Manufacturers use 9 core materials to make the safety gloves that are available today. The material you choose to protect your hands, or the hands of your staff, should have the properties that you need (that offer the optimal protection), and that you want (that offer the optimal comfort). This post will discuss each of the 8 most common glove materials, their characteristics, and pro’s & con’s.
RECOMMENDED READING: if you have any other questions about safety gloves, check out our Glove Glossary!
An Overview of the Most Common Glove Materials
Leather has been used to make safety gloves for centuries, thanks to its strong, mouldable & flexible characteristics. Glove leather is farmed from various animals, and each have different uses and strengths.
- Cow hide is the thickest and most durable, meaning they can withstand heat and water. A common cow hide glove are rigger gloves.
- Pig’s leather is also durable but has small holes throughout from the pig’s bristle. This means they aren’t waterproof but are breathable.
- Goat’s leather is thinner and much softer, making them less durable but more dexterous. This makes it useful for gloves that require flexibility.
- Deer skin is thinner and softer again! This makes them very dexterous and comfortable to wear, but they don’t have the lifespan of a cow hide glove. It’s a common saying in the industry; “The best and worst thing about deer skin is how soft it is!” Deer skin is often used in freezer gloves because of its dexterous qualities.
Animals skins have different characteristics, depending on where they come from on the beast. The back and shoulders provide stronger, thicker leather, while the sides offer a softer cut. Before being processed, the leather is split into an upper layer, known as the grain or nappa, and a lower layer, known as the split.
Grain leather is more pliable and flexible and provides protection against moisture.
Split leather is porous, so isn’t water resistant, but has a rugged surface which provides insulation, therefore making it a good choice for gloves that require heat resistance, such as welding gloves. The Badger Gold palm is made with split leather, as it also provides better grip.
Synthetic leathers have been developed to resemble natural leather and its characteristics, but also offer added advantages such as water repellence. The two ways synthetic leathers are made are:
- Polyurethane (PU) laminated onto a polyester or polyamide to provide a grain leather appearance.
- Polyurethane (PU) fibre mixed with polyester or polyamide to provide a split leather appearance.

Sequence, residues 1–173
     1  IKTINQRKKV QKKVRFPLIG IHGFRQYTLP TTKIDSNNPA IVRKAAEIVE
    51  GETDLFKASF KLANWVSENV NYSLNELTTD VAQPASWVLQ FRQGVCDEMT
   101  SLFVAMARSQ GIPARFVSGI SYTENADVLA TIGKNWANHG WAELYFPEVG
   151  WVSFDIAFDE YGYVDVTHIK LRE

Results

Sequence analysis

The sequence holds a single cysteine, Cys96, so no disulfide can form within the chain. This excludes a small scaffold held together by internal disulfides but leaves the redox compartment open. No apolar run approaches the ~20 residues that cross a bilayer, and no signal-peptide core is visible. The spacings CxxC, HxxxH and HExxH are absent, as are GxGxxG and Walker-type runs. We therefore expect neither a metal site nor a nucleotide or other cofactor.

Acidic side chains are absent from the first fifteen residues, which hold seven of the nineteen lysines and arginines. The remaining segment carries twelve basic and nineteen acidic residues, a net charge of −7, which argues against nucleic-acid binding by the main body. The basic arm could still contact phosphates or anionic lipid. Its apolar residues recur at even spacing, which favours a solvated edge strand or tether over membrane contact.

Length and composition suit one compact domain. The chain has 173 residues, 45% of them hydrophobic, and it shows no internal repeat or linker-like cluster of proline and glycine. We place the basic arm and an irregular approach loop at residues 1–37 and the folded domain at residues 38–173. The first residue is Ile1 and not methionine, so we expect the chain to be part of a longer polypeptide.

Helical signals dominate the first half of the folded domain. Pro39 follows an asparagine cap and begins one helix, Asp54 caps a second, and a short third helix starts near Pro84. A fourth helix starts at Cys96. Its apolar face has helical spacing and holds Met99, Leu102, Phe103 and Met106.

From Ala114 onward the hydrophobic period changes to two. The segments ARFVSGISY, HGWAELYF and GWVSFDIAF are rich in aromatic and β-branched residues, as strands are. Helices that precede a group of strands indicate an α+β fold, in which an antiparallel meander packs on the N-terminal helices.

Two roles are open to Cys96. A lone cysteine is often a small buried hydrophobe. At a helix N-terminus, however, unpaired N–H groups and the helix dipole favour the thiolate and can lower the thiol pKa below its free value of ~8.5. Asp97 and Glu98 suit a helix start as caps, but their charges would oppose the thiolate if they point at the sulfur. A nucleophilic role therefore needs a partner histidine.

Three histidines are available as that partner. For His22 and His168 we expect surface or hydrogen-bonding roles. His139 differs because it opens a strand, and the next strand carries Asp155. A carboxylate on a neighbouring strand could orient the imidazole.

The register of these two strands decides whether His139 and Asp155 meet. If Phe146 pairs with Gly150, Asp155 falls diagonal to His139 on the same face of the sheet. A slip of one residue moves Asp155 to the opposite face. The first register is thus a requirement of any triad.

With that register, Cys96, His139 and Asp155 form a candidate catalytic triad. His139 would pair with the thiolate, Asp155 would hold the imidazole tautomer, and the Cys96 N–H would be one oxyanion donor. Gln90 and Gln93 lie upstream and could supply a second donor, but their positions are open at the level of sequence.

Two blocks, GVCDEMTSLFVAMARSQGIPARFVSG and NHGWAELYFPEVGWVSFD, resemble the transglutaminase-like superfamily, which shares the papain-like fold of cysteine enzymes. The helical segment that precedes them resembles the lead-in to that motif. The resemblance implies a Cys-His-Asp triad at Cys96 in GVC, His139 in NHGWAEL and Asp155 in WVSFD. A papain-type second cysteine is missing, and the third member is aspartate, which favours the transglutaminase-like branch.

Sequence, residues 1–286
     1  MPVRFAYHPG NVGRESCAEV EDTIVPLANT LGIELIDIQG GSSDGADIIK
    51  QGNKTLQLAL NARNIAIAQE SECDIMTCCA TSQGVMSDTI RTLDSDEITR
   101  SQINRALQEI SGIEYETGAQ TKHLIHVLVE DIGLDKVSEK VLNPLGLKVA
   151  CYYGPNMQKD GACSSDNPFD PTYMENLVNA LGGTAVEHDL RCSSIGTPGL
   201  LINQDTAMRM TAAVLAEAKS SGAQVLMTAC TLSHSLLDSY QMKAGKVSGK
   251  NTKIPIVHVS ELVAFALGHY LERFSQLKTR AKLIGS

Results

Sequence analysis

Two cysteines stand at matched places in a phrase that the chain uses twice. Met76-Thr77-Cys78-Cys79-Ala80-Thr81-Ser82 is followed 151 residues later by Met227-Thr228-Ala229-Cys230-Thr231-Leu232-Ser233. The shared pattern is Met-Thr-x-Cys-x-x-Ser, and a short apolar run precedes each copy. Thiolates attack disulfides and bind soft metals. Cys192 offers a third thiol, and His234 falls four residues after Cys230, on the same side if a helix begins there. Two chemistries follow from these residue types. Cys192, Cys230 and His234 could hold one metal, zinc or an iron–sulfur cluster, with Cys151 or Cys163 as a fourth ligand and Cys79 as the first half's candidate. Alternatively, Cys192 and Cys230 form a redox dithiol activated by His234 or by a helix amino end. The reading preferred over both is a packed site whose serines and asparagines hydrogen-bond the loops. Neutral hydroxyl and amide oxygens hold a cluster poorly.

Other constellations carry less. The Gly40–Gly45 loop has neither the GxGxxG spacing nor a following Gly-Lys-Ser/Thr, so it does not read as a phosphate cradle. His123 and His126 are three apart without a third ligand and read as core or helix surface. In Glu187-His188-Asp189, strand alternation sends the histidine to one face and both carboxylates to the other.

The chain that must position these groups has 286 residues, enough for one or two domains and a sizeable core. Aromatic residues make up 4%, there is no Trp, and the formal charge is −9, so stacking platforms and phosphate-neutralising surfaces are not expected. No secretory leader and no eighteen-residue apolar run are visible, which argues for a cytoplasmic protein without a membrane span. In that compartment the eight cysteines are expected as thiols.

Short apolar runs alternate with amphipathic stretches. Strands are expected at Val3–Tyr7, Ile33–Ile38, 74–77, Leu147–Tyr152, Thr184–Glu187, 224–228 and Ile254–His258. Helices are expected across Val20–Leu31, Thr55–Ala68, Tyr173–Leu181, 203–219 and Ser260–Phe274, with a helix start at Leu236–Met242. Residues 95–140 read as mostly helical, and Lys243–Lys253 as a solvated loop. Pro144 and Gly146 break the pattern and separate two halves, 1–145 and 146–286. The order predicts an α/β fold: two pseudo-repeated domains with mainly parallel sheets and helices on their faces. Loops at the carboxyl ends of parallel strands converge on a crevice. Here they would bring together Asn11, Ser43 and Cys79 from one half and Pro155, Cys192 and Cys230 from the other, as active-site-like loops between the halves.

Cotton is another ‘staple’ when it comes to glove materials. It is a natural fibre which is comfortable to wear and has a relatively good lifespan. It is often used in low cost, light duty gloves, such as liners, and is commonly mixed with a polyester to improve its durability. It doesn’t absorb moisture, however, so it can make the wearer’s hands sweat.
Polyester is a synthetic fibre that is strong, elastic and shrink-free. It is commonly used in gloves thanks to its abrasion resistance and durability, and is often blended with cotton, as we mentioned above. It is not as comfy as cotton to wear, which is why it is blended into a polycotton.
Acrylic is a synthetic fibre with a similar ‘soft-feel’ to wool. It retains air particles, making it an effective thermal insulator. We use acrylic lining in a few of our thermal gloves, such as the Cosy CrissCross.
PVC is a plastic that provides durability, wet’n’dry grip and superior chemical resistance. It is commonly used in waterproof and chemical gloves, as it is completely sealed against moisture.
Latex is a natural rubber with extreme elasticity, durability and grip. It is most commonly used in disposable gloves, thanks to its dexterity and tight fit, however it is being replaced by nitrile, as latex contains a natural protein that can cause allergic reactions. Not sure which disposable glove to go for? Check out this extensive guide!
Nitrile is basically a synthetic version of latex. It has the same elasticity, durability and flexibility, but doesn’t contain the proteins that cause reactions. While it is also commonly used in disposable gloves, nitrile is also often foamed and used as a glove coating.
Neoprene is a synthetic rubber which good flexibility, durability and offers protection against oil, fat and organic acids. The Badger UltraChill gloves have a neoprene knuckle bar for added protection and flexibility in this high movement area.
Common Glove Palm Coatings:
PU is a very hard wearing synthetic material that protects against dirt, oil and other moisture. It isn’t highly flexible, however.
Nitrile is a synthetic rubber with high abrasion resistance and barrier protection against oil and grease.
Latex is a natural rubber that has extreme elasticity and dexterity, even at low temperatures. It is very grippy, as well.
PVC coatings provide effective and tough protection against moisture, making them a good choice for working in harsh, wet conditions.